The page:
Managed K8s – Amazon EKS cluster and worker nodes via Cloud Formation

This demo post is about deploying Amazon EKS cluster with worker nodes and these will be deployed and launched into a new VPC. It runs Kubernetes control plane instances across multiple Availability Zones to ensure high availability and also automatically detects and replaces unhealthy control plane instances. Amazon EKS is certified Kubernetes conformant so you can use existing tooling and plugins from partners and the Kubernetes community.

Why use Amazon EKS?

  1. Hybrid container deployments – Objectively perform highly available and scalable K8s clusters with their worker nodes on Amazon Web Services, maintaining full compatibility with your K8s deployments
  2. Microservices – In order to run micro-services applications with deep integrations to AWS services, while getting access to the out of the box Kubernetes (K8s) functionality.
  3. Lift and Shift migration – Easily Lift & Shift and migrate existing applications to Amazon EKS without needing to refactor your code or tooling.
  4. Authentication just works with IAM


To ensure, the following components installed and set up before starting with Amazon EKS:

  1. AWS CLI – while you can use the AWS Console to create a cluster in EKS, the AWS CLI is easier. Minimum requirement version 1.16.73.
  2. Kubectl – used for communicating with the cluster API server. For further instructions on installing, click here.
  3. AWS-IAM-Authenticator – to allow IAM authentication with the Kubernetes cluster

To install aws-iam-authenticator with Homebrew

The easiest way to install the aws-iam-authenticator is with Homebrew.

  1. If you do not already have Homebrew installed on your Mac, install it with the following command./bin/bash -c "$(curl -fsSL"
  2. Install the aws-iam-authenticator with the following command.brew install aws-iam-authenticator
  3. Test that the aws-iam-authenticator binary help

Set up a new IAM role with EKS permissions

  • Goto IAM Management Console.
  • Click create role

Infra as Code – AWS Cloud Formation

Before we use some templates to provision the Master control panel for Kubernetes and its associated worker nodes. I have already performed the below steps for the git blank branch and push the upstream commit on GitHub.

  1. Create a new GIT Repo
  2. Create a new feature branch
  3. push the empty branch using git upstream command
  4. git push –set-upstream origin feature/deploy-eks-cluster-vpc
git push --set-upstream origin feature/deploy-eks-cluster-vpc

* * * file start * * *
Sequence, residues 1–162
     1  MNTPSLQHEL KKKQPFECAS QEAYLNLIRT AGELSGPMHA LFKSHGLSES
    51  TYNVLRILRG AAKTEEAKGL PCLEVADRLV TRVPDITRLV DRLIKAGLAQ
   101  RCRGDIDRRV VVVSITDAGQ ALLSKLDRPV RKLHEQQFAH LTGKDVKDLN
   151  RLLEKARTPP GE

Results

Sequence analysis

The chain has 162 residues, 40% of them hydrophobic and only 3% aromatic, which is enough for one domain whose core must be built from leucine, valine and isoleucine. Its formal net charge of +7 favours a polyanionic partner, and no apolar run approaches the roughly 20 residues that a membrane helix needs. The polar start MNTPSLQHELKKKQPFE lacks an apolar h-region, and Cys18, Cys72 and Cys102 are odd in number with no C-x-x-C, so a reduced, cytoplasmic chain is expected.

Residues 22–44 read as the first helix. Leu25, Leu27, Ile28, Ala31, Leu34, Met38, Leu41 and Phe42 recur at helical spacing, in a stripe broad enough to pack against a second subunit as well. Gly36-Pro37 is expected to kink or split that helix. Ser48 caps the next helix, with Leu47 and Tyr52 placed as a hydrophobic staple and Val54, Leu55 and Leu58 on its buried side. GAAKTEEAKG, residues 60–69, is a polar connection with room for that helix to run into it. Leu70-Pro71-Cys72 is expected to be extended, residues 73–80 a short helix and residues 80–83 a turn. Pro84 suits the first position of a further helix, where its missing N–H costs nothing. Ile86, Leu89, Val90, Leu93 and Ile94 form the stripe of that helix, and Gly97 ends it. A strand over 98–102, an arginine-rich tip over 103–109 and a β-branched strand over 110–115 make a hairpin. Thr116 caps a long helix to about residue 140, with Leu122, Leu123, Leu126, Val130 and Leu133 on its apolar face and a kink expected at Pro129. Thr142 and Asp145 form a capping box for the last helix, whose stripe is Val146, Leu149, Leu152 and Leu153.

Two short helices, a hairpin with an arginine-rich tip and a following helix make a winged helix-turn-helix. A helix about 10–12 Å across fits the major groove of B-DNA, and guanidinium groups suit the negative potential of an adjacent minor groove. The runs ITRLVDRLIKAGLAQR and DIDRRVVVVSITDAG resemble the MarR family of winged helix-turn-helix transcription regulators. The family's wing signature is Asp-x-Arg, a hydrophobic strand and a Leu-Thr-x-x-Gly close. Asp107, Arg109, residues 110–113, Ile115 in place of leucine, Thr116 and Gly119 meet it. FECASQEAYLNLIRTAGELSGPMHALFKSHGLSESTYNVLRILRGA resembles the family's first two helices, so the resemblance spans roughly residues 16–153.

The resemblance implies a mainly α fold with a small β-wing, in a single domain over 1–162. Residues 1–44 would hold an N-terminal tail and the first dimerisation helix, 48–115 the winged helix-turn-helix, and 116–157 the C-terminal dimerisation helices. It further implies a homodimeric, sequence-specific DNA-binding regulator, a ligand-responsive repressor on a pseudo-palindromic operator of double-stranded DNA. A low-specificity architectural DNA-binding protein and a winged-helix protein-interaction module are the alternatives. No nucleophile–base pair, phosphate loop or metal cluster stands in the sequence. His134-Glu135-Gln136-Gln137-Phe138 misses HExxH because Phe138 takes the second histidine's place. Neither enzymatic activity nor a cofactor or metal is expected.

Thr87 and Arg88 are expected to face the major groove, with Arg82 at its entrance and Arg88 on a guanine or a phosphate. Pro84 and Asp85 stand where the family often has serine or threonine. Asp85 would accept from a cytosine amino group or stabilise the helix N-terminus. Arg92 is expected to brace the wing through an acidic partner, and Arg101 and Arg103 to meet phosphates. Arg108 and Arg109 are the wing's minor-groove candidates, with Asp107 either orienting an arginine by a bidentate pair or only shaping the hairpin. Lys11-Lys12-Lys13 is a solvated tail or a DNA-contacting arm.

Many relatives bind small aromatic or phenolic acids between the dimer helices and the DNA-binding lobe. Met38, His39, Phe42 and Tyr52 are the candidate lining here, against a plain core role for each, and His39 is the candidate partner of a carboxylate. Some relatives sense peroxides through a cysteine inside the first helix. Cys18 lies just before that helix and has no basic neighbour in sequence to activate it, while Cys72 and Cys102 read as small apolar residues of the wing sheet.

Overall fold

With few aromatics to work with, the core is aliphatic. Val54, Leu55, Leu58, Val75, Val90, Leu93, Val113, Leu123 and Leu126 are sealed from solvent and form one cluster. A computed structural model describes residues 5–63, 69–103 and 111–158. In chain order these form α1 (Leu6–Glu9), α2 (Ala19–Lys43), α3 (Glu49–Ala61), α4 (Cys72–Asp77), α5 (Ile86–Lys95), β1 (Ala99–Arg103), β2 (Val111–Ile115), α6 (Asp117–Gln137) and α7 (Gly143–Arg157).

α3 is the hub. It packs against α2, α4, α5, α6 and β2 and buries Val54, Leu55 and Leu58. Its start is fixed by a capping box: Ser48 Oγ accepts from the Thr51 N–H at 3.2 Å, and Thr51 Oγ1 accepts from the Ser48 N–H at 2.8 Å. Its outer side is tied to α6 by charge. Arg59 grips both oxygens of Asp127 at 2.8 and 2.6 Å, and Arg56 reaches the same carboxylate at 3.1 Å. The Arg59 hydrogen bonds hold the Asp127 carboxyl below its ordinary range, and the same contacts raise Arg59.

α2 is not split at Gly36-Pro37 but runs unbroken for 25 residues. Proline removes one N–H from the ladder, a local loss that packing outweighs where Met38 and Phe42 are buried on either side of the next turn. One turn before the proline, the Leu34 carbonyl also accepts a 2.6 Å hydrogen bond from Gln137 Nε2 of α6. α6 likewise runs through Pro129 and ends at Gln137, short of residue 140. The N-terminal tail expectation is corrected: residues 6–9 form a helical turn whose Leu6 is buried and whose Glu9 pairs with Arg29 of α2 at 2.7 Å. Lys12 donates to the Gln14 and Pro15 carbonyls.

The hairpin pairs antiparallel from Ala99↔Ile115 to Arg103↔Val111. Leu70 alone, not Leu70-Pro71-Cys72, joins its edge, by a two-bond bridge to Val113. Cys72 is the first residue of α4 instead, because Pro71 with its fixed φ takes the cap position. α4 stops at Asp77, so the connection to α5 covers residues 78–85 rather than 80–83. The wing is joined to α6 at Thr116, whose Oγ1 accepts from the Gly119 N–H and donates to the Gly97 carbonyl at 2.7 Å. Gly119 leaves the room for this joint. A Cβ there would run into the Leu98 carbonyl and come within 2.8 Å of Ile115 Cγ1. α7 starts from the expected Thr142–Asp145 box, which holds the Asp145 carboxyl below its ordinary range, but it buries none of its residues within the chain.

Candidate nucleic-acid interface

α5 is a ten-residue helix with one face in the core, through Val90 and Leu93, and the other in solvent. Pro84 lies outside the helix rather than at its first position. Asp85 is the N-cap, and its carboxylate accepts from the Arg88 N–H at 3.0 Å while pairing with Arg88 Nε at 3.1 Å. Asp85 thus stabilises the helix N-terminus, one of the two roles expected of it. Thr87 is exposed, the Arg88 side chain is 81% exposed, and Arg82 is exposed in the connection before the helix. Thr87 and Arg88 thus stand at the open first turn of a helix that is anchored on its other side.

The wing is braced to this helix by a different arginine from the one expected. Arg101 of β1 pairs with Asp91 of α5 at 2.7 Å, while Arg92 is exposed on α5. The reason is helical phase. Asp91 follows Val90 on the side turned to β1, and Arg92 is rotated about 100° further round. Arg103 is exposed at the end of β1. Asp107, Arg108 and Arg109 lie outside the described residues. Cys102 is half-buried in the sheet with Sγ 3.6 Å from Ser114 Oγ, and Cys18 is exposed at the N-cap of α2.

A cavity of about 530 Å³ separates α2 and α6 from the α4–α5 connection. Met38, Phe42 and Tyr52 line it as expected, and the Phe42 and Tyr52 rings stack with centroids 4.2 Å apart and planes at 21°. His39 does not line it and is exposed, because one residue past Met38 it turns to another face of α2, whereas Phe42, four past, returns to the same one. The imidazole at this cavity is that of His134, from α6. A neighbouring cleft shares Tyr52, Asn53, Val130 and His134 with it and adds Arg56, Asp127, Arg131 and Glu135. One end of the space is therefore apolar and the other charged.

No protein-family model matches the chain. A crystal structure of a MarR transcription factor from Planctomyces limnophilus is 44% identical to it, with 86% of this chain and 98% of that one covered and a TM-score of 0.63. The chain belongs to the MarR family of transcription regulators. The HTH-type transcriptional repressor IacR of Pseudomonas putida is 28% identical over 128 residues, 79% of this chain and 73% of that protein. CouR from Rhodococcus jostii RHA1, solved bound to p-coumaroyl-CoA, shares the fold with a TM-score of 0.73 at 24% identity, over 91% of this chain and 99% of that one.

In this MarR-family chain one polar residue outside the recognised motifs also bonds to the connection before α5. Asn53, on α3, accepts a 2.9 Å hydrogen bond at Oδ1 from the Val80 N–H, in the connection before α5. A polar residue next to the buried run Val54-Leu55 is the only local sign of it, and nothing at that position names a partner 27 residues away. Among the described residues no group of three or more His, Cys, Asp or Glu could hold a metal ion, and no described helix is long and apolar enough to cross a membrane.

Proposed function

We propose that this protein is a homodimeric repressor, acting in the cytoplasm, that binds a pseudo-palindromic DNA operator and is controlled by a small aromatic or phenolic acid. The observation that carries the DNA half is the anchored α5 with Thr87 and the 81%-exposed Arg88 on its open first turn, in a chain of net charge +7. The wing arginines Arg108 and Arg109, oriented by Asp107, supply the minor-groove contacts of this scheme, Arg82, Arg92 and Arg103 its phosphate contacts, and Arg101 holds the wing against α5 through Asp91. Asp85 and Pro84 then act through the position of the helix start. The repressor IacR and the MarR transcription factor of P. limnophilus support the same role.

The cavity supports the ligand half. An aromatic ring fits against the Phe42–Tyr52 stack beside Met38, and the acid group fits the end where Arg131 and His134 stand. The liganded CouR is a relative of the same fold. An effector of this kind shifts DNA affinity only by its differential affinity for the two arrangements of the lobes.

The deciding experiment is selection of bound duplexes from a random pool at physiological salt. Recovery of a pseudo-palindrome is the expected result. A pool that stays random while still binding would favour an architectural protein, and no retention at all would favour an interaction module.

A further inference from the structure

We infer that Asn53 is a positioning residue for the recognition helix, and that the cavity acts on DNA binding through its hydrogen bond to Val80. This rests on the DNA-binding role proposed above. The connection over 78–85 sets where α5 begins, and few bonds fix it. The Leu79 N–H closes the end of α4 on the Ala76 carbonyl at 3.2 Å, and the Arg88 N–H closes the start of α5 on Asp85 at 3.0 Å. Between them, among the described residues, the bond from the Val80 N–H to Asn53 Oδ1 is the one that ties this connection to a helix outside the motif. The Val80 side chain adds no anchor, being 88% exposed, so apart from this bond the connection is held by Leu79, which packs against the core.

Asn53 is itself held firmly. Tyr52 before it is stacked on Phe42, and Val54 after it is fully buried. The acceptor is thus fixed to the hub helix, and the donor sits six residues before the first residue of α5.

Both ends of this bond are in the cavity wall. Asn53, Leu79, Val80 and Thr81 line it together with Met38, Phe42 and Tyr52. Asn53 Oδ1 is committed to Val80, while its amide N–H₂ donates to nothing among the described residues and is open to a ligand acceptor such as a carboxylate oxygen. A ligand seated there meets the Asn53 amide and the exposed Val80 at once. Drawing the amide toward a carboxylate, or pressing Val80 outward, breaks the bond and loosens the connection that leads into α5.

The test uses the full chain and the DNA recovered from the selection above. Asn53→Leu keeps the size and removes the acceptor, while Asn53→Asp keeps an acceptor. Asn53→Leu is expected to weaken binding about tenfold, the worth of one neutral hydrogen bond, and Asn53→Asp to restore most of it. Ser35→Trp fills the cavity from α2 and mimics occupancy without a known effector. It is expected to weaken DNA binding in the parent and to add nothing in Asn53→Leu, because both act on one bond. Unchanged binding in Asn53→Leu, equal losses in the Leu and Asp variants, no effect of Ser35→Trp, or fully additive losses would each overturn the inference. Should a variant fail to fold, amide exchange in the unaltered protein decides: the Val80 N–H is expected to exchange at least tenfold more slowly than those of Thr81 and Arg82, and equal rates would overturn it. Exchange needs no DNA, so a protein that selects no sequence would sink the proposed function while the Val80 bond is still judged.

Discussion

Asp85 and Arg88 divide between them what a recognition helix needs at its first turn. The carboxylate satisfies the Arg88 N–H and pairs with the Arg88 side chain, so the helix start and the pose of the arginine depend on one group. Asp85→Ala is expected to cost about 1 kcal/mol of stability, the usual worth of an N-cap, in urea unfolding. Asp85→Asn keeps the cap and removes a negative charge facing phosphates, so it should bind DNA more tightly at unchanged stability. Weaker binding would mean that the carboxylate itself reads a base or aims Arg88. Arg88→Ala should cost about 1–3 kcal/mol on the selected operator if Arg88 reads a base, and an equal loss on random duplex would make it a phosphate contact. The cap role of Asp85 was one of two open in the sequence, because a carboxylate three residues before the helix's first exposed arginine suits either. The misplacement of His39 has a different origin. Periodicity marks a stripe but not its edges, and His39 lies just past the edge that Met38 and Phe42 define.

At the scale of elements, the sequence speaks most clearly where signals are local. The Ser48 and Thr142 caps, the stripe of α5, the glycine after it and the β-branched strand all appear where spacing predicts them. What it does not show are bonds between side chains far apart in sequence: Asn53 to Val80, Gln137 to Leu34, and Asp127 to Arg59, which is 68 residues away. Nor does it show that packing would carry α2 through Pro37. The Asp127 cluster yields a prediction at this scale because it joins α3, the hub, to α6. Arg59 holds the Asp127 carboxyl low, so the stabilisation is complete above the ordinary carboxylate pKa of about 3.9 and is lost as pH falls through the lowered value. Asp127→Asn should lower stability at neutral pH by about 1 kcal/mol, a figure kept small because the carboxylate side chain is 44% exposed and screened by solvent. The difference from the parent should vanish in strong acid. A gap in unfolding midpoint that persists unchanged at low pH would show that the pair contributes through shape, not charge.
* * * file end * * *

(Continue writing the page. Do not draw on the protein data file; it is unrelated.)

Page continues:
There are plenty of AWS cloud formation templates are available for provisioning AWS EKS clusters and worker nodes. I have picked from AWS official documentation. These can be further modified and supplied with other parameters as per need basis.

In order to execute these Infra as code, we switch over to AWS cloud formation. And create a new stack for EKS Cluster and worker nodes.

Worker network configuration needed for the EKS cluster.

We would need below VPC, Subnet and Security Groups, when we run AWS commands for cluster provisioning.

Switch over to ZSH, to provision the EKS Cluster. more info here —

It would take a couple of minutes, before the cluster status turns to successfully created.

And, to proceed with updating our kubeconfig file with the information on the new cluster so kubectl can communicate with it.

To do this, we use the AWS CLI update-kubeconfig command

aws eks --region ap-southeast-2s update-kubeconfig --name demo
We can now test our configurations using the kubectl get svc command:
kubectl get svc

This is handy information for the cluster name and worker nodes, instance sizings, volume size and associated vpc and subnets.

Once the worker node are created, need to ensure we are communicate with them using our machines. for that we need to make use of ARN for the instance role.

We execute the curl command to download the yaml file and make the code change.

curl -O
kubectl apply -f aws-auth-cm.yaml

Next step is see the worker nodes. In the previous steps, we just added the ARN for the worker node. So the worker nodes were already created before, we just have to call them using Kubernetes native commands.

In order to see the worker nodes, we execute the below command:-

kubectl get nodes

That’s It.

That’s all, needed to start playing with the K8s bits, kubectl K8s along! This concludes this post, next post is in continuing deploying a container image and debugging the logs.